Atonic seizures cause a sudden loss of muscle tone and limpness. They can cause the head to drop or nod, problems with posture or sudden falls. Atonic seizures are also known as drop attacks. Atonic seizures can lead to injuries of the head and face because of sudden, unexpected falls. When sitting, affected individuals may collapse forward or backward at the waist. Atonic seizures may only partially affect consciousness and usually last only a few seconds.

Unclassified seizures do not clearly fit into any of the standard seizure categories.

Additional symptoms are associated with Glut1 deficiency syndrome including deceleration of head growth. Affected individuals can develop mild to moderate delays in attaining developmental milestones. Many individuals eventually develop microcephaly, a condition marked by head circumference that is smaller than would be expected for age and gender.

Individuals with Glut1 deficiency syndrome may also develop symptoms associated with movement disorders including diminished muscle tone (hypotonia), an inability to coordinate voluntary movements (ataxia), involuntary muscle spasms that result in slow, stiff, rigid movements (spasticity) and dystonia. Dystonia is a general term for a group of muscle disorders generally characterized by involuntary muscle contractions that force the body into abnormal, sometimes painful, movements and positions (postures). Movement disorders associated with Glut1 deficiency syndrome can cause difficulty walking. Such difficulties can be a constant issue or may come and go.

Individuals with Glut1 deficiency syndrome also develop varying degrees of cognitive impairment, which can range from mild learning disabilities to severe intellectual disability. Some degree of speech and language impairment is usually seen as well. Affected individuals may experience difficulty speaking due to abnormalities affecting the muscles that enable speech (dysarthria) and disruption in the smooth flow or expression of speech (dysfluency), marked by frequent pauses or interruptions when speaking.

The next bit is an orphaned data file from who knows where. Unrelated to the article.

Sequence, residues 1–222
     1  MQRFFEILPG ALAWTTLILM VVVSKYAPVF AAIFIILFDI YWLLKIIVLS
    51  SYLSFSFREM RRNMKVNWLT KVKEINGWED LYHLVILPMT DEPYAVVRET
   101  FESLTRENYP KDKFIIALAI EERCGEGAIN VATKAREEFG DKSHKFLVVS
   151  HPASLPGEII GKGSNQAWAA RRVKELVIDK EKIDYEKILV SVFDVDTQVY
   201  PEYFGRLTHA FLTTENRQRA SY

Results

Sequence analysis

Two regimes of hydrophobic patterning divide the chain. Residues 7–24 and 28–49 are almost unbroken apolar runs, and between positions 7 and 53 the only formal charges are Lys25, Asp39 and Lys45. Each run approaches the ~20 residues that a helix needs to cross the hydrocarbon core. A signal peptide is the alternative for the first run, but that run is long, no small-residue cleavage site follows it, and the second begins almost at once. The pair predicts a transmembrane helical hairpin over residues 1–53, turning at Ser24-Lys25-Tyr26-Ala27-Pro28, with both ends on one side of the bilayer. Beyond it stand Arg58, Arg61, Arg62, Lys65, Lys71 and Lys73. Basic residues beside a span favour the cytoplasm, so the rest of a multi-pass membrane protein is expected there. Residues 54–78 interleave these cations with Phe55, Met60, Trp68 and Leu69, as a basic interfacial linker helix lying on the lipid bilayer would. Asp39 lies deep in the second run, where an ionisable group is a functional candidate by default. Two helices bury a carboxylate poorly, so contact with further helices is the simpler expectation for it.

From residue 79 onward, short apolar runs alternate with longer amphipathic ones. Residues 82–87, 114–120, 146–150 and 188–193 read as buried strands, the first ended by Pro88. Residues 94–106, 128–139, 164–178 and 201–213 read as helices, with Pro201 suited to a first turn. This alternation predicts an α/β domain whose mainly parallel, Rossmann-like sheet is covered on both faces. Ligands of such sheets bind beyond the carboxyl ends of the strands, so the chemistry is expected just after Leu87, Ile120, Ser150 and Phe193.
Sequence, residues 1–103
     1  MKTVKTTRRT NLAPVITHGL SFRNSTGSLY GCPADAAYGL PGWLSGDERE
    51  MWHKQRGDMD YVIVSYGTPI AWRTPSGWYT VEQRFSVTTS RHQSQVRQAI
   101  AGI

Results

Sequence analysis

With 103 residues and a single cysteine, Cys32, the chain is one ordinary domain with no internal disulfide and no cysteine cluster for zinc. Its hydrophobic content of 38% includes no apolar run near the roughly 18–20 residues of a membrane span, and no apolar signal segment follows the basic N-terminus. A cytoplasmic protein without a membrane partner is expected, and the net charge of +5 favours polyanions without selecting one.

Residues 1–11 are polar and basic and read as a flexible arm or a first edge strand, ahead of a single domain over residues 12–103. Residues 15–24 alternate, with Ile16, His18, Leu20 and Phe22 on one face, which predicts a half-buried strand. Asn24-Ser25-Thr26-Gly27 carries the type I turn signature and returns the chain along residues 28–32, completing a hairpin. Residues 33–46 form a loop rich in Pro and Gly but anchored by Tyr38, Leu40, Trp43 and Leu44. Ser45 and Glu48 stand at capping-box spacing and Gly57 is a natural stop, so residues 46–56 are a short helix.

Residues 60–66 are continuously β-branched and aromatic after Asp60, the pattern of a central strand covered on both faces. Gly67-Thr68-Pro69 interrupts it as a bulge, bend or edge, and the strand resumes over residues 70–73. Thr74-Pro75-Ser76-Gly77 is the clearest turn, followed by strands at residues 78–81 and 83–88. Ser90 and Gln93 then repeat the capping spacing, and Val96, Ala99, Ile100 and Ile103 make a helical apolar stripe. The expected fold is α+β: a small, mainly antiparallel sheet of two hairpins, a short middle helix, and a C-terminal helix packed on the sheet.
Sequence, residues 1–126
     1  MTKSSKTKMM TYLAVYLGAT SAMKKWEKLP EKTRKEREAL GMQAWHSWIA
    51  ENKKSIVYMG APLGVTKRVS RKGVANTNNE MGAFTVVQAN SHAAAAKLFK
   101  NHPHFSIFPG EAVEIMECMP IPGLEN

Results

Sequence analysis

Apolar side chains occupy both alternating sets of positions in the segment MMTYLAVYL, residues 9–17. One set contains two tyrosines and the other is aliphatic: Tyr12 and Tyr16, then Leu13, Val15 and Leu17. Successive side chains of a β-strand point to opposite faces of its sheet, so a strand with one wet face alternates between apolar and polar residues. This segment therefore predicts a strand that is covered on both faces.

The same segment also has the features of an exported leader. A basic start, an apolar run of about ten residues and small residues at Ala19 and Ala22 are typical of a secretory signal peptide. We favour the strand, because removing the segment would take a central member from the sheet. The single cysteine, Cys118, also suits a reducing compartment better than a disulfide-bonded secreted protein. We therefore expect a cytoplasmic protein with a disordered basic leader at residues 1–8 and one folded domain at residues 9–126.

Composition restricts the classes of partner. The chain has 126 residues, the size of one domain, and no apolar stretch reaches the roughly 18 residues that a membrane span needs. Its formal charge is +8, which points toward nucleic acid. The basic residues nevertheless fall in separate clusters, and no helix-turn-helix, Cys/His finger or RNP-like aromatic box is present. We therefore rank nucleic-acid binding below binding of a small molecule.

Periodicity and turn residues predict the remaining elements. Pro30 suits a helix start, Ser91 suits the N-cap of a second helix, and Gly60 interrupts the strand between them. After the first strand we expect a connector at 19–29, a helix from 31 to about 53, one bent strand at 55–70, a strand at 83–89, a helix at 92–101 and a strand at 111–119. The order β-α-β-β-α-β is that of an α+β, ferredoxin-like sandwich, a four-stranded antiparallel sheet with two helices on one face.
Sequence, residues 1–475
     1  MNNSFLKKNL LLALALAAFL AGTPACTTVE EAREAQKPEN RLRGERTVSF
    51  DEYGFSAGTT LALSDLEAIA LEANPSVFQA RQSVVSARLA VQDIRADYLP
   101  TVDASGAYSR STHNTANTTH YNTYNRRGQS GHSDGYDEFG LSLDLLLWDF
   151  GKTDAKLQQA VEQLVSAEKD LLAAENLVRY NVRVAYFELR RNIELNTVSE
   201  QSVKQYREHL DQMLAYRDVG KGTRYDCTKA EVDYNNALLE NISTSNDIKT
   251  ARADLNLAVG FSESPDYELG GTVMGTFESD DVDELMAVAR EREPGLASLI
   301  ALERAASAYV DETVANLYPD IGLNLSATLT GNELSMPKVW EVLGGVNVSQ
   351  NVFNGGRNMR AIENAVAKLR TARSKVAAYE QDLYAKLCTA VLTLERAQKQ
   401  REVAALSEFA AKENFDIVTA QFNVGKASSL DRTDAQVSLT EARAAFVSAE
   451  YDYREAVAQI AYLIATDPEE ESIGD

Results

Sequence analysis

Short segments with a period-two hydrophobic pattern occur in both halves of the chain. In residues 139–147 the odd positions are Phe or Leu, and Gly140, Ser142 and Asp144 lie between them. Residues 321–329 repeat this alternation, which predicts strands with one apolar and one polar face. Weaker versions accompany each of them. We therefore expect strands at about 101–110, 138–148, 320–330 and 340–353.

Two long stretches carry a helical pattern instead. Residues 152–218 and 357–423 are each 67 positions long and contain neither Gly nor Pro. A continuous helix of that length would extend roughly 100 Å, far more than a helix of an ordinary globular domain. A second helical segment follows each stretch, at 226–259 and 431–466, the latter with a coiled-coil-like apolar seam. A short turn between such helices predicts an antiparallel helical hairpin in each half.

Individuals with Glut1 deficiency syndrome usually do not have problems with social adaptive behavior and, generally, affected individuals tend to be comfortable in group situations.

Additional symptoms have been reported in individuals with Glut1 deficiency syndrome including mental confusion, lethargy, drowsiness (somnolence), repeated, abnormal, rapid eye movements in both horizontal and vertical directions (opsoclonus), paralysis of one side of the body (hemiparesis), total body paralysis, and recurrent headaches. Sleep disturbances such as sleep apnea have also been reported in individuals. These various symptoms can fluctuate in severity and may be influenced by additional factors such as fatigue or when individuals go an extended period of time without eating (fasting). Sleep apnea and opsoclonus can precede the development of seizures in some cases.

Although most affected individuals develop so-called classic Glut1 deficiency syndrome, some individuals develop different expressions (phenotypes) of the disorder. Some affected individuals develop movement disorders and cognitive impairment without epilepsy. In addition, at least one adult case of Glut1 deficiency syndrome was identified in which the affected person had only mild symptoms of the disorder.

A group of individuals with mutations in the SLC2A1 gene have also been identified who have paroxysmal exercise-induced dyskinesia (PED), a condition in which episodes of abnormal, involuntary movements occur, brought on by prolonged exercise such as walking or running long distances. These individuals may or may not have epilepsy as well.